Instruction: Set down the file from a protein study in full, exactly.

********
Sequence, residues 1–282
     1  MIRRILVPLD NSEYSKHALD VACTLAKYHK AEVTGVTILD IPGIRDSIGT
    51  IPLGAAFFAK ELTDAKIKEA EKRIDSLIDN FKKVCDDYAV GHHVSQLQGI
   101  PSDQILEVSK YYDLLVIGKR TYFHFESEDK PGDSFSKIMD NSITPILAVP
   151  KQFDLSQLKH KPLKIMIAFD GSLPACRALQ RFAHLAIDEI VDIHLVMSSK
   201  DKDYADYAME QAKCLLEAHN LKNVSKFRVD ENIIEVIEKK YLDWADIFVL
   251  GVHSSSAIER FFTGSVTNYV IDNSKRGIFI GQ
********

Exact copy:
Sequence, residues 1–282
     1  MIRRILVPLD NSEYSKHALD VACTLAKYHK AEVTGVTILD IPGIRDSIGT
    51  IPLGAAFFAK ELTDAKIKEA EKRIDSLIDN FKKVCDDYAV GHHVSQLQGI
   101  PSDQILEVSK YYDLLVIGKR TYFHFESEDK PGDSFSKIMD NSITPILAVP
   151  KQFDLSQLKH KPLKIMIAFD GSLPACRALQ RFAHLAIDEI VDIHLVMSSK
   201  DKDYADYAME QAKCLLEAHN LKNVSKFRVD ENIIEVIEKK YLDWADIFVL
   251  GVHSSSAIER FFTGSVTNYV IDNSKRGIFI GQ